Helen Frost

When My Sister Started Kissing author, Helen Frost, shares her writing process and how her life experiences influence her work.

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“Strong girls give me hope.”

Tell us about a time when your strength was tested.

Interesting to think about this—do we begin with strength, or do we find it as we go along? I think most of us become stronger because we have to, in those testing times.

For many years, I moved from one place to another quite frequently, sometimes great distances. It was exciting and scary—and I know it was also strengthening.

Here are a few examples:

In my mid-twenties, I moved to Scotland and found a job as a teacher and housemother at a progressive boarding school, something like the famous school Summerhill. I loved it and learned a lot from living in that community, so different from my own schooling. I don’t recall feeling brave or strong at the time, but maybe I was.

A few years later, in 1981, I went to Alaska with almost no money, and lived through a very cold Fairbanks winter before accepting a teaching job in the small (25 people) community of Telida. It was not accessible by road, and there was one phone shared by everyone; this was before the internet, so I communicated with my family and friends in other places through radio and once-a-week mail. I could have been very lonely, and sometimes I was, but as I was accepted into the community, and it came to feel like family, it wasn’t so much that I became stronger, but that I came to experience strength as a shared quality. I still do—each of us is as strong as our connections to one another.

In cross-cultural living situations, as Scotland and Alaska both were for me, though in different ways, you learn humility and find strength at the same time. You have to ask deep and difficult questions— “who do you think you are?”—and be open to changing the answers. Other people may need the kind of strength you have, and you learn to offer it in ways that can be accepted, at the same time you learn to recognize and receive what you need from others.

After I got married and moved to Fort Wayne, Indiana, such strength was called on when I joined with other artists to help young people in our community confront a culture of violence and, using the arts, try to figure out ways of becoming strong and staying safe within it. At times, I felt like the adults were standing outside in a lightning storm, inviting the lightning to strike us and leave our young friends alone, or perhaps to let art be a lightning rod that would ground us all in a time of danger and protect the young people in their future lives.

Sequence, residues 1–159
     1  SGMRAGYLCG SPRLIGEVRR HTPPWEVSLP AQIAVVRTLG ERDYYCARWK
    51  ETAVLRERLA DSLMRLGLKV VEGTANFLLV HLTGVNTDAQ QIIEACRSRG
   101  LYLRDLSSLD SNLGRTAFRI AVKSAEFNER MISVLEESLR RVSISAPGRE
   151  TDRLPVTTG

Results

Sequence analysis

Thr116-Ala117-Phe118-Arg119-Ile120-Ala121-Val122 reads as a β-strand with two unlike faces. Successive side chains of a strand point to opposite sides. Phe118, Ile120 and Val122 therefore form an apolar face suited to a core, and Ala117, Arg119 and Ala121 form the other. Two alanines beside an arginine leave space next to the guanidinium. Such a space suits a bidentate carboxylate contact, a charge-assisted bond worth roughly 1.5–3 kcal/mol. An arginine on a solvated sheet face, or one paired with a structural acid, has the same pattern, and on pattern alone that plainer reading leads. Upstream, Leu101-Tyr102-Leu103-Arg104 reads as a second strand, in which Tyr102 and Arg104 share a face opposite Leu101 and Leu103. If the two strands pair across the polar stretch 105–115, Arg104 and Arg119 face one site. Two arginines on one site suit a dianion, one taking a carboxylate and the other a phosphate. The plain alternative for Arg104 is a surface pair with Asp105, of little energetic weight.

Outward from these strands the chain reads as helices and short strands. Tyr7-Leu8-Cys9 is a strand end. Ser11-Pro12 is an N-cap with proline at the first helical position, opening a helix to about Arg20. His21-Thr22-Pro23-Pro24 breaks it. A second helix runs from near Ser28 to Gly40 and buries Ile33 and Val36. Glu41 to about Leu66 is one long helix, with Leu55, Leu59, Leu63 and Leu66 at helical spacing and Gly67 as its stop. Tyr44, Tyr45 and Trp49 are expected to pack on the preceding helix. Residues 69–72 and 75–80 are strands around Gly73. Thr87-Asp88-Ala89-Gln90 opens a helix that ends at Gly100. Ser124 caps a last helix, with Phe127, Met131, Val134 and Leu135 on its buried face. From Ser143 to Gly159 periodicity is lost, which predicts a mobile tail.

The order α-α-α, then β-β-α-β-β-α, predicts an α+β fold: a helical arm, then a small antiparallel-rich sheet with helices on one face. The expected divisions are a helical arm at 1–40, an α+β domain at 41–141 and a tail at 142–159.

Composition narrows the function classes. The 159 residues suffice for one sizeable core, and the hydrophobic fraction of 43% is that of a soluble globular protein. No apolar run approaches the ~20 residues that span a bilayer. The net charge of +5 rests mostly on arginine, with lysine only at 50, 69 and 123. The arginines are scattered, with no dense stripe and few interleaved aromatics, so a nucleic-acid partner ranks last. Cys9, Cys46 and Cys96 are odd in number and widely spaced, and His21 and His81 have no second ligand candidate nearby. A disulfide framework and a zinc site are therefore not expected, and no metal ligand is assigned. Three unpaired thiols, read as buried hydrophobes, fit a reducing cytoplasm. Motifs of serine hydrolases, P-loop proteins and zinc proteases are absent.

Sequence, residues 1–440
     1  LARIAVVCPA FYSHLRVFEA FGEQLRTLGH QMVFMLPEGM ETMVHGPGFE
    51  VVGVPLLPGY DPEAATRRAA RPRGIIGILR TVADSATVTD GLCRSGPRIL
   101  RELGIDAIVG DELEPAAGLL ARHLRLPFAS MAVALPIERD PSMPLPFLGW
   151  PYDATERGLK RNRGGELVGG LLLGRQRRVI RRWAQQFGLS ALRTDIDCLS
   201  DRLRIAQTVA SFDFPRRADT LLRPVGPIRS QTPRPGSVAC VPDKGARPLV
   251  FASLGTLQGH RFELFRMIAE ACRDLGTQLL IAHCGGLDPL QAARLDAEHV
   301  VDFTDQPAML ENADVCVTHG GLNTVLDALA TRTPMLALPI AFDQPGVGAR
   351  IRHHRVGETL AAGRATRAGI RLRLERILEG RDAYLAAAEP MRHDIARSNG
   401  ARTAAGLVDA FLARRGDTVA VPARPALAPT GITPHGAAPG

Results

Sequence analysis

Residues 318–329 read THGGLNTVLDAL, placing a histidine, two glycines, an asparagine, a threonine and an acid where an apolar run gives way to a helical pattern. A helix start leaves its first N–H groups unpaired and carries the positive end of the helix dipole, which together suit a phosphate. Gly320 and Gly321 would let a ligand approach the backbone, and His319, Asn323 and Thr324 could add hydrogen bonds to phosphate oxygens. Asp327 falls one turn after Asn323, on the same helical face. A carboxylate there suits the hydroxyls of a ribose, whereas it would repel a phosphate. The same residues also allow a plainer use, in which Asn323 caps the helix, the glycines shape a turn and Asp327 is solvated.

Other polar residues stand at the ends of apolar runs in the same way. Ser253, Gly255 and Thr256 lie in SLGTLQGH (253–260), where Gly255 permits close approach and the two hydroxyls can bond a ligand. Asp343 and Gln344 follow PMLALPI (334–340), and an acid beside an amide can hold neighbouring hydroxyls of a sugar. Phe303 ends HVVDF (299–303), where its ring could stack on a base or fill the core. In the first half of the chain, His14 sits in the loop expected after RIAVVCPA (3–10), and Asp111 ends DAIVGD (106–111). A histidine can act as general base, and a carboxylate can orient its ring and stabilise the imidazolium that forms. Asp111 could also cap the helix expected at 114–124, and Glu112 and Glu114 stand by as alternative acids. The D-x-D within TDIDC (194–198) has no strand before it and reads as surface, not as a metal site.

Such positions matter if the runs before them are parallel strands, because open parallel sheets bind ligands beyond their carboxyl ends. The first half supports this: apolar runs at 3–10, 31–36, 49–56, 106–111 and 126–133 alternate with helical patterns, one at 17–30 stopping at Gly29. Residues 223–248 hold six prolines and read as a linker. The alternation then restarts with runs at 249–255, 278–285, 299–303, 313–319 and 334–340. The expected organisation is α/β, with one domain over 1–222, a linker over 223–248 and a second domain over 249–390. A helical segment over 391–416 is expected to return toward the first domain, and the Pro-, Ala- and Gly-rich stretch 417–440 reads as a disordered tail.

The ultimate goal, of course, was, and is, to change the culture of violence, and I know that some of those young people have become adults who are doing just that.

What is your favorite book about a strong girl and why?

I don’t know about favorite—there are so many—but I will mention a book I just finished, a debut novel by an author I expect we will be hearing more from and about. A Girl Like That, by Tanaz Bhathena, is set in Jeddah, Saudi Arabia, and is both culturally specific and disturbingly recognizable to an American reader. You learn on the first page that the story is likely to break your heart, and you let yourself fall in love with the characters anyway, because the author’s voice carries such authority and authenticity.

And that, in a roundabout way—because certain elements in A Girl Like That remind me of an earlier version of my story—brings me to When My Sister Started Kissing.

First, thank you for including it on your Girls of Summer reading list. What a great community of books and readers! I’m very happy to be invited to tell you a little more about my book.

I wrote more than half of the “seed story”—a discovery version of what eventually became When  My Sister Started Kissing—set in a high school, full of social media gossip and intrigue, mean girls, sexual aggression, and dangerous betrayals. I don’t think I chickened out: I knew enough about all those things to write the story, but there’s another thing I also know well—the world of teens whose basic instinct is to treat each other as decently as they know how, and struggle to figure out how to do that. In a major revision, I started asking myself about each incidence of meanness or aggression: “What if this didn’t happen?” and then, as the story changed, I questioned, “’Is there still a story here?”